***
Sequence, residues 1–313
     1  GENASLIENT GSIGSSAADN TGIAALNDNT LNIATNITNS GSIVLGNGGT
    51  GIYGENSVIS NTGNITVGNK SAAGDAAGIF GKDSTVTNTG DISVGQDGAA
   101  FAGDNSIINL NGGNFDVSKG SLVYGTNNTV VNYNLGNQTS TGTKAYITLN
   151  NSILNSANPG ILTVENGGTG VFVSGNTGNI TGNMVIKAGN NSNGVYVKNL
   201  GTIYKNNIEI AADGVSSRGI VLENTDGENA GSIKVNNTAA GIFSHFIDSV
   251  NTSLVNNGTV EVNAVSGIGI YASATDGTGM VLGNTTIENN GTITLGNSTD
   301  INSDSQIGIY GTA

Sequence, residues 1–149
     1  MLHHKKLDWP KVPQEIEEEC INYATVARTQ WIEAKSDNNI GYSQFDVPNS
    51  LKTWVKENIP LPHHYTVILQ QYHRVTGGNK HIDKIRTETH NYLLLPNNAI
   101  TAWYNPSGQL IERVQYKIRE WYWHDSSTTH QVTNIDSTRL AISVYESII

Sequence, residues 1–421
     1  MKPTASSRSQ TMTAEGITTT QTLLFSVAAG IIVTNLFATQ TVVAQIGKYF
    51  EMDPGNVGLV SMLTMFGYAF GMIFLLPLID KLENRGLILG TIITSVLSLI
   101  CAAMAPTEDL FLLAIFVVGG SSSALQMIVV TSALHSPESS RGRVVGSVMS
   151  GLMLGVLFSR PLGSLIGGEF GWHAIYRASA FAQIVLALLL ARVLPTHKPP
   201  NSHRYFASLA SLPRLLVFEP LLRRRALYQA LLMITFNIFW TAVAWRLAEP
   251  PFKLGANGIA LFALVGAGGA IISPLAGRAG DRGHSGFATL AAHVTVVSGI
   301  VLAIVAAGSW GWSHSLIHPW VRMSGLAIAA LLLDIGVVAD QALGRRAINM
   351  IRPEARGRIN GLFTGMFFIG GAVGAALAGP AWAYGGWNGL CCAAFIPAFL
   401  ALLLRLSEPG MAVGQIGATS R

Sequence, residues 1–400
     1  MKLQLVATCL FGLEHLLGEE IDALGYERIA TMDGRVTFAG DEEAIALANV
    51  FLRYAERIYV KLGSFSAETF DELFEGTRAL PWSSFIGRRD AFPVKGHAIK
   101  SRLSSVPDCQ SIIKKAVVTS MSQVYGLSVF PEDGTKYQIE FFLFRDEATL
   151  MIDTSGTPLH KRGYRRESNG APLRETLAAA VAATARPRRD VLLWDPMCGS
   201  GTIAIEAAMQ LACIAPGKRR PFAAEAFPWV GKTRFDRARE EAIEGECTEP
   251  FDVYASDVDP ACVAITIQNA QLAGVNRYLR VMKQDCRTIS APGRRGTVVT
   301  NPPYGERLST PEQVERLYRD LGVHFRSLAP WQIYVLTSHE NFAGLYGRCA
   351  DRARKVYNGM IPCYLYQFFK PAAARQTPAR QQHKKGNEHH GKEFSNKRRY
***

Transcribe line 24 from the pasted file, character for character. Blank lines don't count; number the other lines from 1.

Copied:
     1  MKLQLVATCL FGLEHLLGEE IDALGYERIA TMDGRVTFAG DEEAIALANV